Here are some thoughts on today's Feast
From Fr. Philip LeMasters...
In some ways, people today are too familiar with the image of the cross. Some wear it as just another a piece of jewelry or otherwise use it to symbolize values or organizations that have nothing to do with the cross through which our Lord conquered death. Unfortunately, those who confess its true spiritual significance can easily rest content with beliefs about the cross without actually obeying the clear instructions of our Lord that we must deny ourselves, take up our crosses, and follow Him. Celebrating the Exaltation of the Cross with integrity requires that we confess truthfully with St. Paul: “I have been crucified with Christ; it is no longer I who live, but Christ Who lives in me; and the life I now live in the flesh I live by faith in the Son of God, Who loved me and gave Himself for me.”
The Lord’s Self-Offering on the Cross for the salvation of the world is unique and all encompassing. As we chant when we especially celebrate the cross, “Before Thy Cross, we bow down and worship…” We must not respond passively to the cross, however, as though all the work has already been done in a way that requires nothing of us. For the only way to share in the Savior’s life is to enter personally into the deep mystery of His sacrifice. He offered Himself fully and in free obedience to the point of death, burial, and descent into Hades in order to conquer the corruption to which we had enslaved ourselves. In order to embrace the liberation and healing of our Crucified and Risen Lord, we must die to all that holds us back from embodying the fullness of His great victory. That means offering ourselves without reservation for union with Christ in holiness as we become “partakers of the divine nature” by grace.
In the world as we know it, doing so requires a perpetual struggle of the soul. The fight is not against other people and certainly not against God. Instead, it is a battle with ourselves because we have all accepted the lie that true fulfillment comes from our own will being done. In one way or another, we have all come to identify with our self-centered desires such that we think we could not exist without gratifying them. Consequently, to put the demands of loving God and neighbor first in life requires us to deny ourselves and to abandon our well-settled habit of living in the service of our passions. We must all be “crucified with Christ” in the sense of dying to the corruptions that keep us from sharing in the Savior’s restoration and healing of the human person in the divine image and likeness.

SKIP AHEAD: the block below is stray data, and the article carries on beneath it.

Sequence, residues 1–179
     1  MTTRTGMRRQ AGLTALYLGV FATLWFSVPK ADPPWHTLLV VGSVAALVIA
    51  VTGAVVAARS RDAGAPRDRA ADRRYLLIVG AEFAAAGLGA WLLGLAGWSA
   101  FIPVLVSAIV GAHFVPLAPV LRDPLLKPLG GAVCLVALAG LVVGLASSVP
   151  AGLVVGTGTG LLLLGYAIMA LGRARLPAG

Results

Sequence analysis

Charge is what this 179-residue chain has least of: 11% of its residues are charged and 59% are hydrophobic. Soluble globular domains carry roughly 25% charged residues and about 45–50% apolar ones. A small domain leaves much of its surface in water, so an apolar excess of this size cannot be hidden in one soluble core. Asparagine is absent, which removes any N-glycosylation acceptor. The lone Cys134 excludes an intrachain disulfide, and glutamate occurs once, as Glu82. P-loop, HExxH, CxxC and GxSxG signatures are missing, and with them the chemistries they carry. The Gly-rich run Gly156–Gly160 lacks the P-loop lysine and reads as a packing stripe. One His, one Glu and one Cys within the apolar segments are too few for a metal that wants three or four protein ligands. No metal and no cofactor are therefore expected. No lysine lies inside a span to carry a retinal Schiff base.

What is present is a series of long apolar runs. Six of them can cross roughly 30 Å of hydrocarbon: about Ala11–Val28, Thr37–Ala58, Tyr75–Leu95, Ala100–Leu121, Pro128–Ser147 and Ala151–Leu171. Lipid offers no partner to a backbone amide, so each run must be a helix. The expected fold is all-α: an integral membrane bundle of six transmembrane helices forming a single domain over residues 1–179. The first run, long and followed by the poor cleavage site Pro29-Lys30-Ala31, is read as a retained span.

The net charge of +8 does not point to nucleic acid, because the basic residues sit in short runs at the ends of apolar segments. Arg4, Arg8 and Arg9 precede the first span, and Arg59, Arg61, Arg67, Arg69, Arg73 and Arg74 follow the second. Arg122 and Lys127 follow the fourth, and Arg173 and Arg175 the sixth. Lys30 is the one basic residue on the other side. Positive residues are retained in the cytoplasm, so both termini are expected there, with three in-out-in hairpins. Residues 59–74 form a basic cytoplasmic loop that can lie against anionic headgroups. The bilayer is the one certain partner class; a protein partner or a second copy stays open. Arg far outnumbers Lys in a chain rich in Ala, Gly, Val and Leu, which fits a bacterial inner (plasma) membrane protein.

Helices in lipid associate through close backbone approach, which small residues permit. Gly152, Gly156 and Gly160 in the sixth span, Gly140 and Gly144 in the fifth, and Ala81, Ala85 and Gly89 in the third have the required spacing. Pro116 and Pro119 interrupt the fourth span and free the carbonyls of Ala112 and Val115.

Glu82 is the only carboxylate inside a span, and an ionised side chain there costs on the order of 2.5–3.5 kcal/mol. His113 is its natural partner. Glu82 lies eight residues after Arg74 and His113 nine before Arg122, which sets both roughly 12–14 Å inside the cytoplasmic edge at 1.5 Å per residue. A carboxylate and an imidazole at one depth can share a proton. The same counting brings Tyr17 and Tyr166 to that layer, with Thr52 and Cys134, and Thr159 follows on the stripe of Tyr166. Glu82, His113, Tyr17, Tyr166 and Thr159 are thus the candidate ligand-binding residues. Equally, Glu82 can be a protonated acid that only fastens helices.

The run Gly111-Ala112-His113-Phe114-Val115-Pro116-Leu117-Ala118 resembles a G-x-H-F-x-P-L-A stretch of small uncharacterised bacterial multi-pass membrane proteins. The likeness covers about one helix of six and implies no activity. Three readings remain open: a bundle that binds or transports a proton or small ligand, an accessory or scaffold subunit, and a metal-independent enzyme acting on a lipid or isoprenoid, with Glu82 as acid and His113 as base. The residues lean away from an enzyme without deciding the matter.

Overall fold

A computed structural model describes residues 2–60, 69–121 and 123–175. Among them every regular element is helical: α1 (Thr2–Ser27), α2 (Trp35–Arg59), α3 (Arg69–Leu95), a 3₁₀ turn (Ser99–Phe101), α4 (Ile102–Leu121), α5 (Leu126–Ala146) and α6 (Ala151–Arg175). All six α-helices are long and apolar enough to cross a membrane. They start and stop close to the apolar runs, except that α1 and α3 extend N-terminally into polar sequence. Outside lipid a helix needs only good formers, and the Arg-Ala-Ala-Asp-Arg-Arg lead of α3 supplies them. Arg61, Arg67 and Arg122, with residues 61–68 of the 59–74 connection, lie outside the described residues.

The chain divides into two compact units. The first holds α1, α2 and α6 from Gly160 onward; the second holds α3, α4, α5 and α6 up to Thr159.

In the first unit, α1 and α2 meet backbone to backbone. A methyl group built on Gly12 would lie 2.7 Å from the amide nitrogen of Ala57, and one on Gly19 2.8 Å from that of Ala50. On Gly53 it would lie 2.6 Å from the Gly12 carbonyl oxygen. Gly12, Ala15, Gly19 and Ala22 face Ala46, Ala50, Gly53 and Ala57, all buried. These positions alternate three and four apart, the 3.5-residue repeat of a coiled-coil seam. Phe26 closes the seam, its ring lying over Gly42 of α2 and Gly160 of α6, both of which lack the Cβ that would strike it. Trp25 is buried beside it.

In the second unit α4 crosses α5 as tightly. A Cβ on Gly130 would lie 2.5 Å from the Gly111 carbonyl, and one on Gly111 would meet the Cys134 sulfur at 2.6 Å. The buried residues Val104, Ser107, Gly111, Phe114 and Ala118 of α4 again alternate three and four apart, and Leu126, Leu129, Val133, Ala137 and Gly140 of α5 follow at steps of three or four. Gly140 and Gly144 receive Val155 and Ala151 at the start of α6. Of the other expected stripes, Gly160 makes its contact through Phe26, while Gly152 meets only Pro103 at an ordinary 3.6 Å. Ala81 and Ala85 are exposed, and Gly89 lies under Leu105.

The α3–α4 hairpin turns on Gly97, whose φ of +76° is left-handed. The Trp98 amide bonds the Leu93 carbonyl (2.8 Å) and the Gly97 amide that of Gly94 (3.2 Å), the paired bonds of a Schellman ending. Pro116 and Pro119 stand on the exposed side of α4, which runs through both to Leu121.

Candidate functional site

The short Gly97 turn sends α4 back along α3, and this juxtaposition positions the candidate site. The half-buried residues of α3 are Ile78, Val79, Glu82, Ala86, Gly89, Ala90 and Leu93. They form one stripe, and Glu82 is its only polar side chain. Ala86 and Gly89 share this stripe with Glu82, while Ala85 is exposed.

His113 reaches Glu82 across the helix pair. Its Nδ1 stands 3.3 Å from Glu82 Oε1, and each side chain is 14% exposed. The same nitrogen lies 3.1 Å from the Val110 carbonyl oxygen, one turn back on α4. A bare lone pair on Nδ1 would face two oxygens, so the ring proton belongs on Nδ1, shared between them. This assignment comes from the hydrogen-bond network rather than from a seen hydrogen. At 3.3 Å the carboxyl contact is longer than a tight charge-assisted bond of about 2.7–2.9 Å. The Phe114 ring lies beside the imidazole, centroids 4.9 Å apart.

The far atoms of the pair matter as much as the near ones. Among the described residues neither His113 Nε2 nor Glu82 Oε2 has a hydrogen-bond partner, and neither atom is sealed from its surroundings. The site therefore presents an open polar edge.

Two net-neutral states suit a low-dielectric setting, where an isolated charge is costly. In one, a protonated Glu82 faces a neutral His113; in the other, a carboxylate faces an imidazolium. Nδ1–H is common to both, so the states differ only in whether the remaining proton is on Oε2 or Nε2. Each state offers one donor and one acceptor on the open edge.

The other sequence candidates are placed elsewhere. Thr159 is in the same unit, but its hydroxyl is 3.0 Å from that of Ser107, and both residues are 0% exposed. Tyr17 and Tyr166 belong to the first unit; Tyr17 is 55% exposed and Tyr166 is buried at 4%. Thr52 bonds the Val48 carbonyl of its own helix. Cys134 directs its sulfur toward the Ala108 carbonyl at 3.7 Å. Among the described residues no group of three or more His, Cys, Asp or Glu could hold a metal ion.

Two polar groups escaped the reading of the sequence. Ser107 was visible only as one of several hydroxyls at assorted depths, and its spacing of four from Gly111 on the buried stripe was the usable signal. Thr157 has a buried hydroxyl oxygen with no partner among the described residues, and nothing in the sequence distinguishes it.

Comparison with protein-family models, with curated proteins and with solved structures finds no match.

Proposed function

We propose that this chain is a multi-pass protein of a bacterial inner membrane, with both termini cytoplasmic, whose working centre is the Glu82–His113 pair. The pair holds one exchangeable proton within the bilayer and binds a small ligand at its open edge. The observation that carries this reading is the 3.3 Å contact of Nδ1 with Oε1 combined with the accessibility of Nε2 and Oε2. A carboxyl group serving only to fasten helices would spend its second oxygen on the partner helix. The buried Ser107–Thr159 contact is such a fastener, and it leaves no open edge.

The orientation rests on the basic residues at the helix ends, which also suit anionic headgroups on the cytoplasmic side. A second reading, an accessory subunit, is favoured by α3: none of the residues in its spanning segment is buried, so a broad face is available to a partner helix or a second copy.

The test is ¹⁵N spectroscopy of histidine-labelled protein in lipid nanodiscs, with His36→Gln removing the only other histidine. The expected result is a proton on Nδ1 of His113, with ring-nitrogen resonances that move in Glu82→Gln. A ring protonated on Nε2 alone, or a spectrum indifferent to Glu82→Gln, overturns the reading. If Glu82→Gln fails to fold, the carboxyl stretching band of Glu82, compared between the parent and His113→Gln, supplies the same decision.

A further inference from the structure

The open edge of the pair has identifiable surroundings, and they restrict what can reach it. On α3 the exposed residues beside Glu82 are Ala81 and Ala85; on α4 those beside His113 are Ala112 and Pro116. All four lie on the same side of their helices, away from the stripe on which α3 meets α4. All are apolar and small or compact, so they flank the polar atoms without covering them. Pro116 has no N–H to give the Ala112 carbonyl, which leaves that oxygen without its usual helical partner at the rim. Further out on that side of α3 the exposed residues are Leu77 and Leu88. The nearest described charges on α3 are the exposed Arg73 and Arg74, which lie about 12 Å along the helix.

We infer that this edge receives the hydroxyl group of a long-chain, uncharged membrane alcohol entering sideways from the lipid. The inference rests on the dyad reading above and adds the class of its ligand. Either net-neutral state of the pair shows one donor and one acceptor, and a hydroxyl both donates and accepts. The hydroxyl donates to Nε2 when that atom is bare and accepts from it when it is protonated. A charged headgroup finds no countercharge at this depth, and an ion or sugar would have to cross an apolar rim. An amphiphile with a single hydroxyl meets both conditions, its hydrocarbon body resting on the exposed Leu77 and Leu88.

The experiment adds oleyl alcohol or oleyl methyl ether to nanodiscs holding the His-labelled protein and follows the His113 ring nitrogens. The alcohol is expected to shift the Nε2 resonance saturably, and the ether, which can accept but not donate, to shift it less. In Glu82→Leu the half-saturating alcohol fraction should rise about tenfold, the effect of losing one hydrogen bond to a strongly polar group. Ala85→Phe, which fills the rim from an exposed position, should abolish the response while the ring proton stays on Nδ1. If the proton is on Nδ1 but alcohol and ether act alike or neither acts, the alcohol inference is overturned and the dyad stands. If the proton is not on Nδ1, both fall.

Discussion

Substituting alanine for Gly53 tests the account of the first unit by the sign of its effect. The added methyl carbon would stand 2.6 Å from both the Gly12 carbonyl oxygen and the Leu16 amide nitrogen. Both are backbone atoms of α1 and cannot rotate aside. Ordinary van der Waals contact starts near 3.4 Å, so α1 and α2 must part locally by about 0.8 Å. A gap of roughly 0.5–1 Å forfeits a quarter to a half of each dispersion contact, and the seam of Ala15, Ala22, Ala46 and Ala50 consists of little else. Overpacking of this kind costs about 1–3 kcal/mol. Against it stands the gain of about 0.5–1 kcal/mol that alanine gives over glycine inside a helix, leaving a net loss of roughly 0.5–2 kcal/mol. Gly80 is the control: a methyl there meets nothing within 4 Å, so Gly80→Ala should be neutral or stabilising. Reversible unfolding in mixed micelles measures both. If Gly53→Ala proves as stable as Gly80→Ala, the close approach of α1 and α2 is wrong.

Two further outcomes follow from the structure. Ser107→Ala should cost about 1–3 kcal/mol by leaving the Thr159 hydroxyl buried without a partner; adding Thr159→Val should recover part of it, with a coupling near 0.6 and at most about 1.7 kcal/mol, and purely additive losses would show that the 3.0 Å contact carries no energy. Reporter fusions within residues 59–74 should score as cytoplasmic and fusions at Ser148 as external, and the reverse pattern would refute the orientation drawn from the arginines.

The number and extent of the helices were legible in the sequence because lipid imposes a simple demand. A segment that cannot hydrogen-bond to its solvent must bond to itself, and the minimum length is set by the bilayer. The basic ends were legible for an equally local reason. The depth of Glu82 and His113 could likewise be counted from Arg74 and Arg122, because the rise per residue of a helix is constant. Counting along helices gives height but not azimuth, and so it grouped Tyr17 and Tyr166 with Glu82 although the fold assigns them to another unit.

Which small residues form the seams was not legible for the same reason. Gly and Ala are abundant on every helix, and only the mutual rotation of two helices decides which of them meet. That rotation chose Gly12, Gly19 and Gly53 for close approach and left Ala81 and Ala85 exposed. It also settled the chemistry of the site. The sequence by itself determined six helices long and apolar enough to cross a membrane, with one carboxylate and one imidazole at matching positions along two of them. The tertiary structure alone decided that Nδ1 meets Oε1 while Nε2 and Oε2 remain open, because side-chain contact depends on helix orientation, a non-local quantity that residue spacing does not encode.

The Lord’s command to take up our crosses, deny ourselves, and lose our lives has nothing to do with appeasing an angry Father by our suffering. It is not concerned with the pointless task of trying to earn forgiveness by paying a debt or meeting a legal obligation. Instead, it is about doing what is necessary to find healing. In order to regain physical health, we may have to do some painful and difficult things at times, like having surgery, going to physical therapy, or changing our diet. Those are not punishments, but simply what is necessary for us to regain our health in light of our particular physical condition. If we want to get better, we will put aside our preferences and accept the inconvenience.
The same thing is true for us spiritually. Offering ourselves to the Lord for the healing of our souls in whatever circumstances we face is how we take up our crosses.
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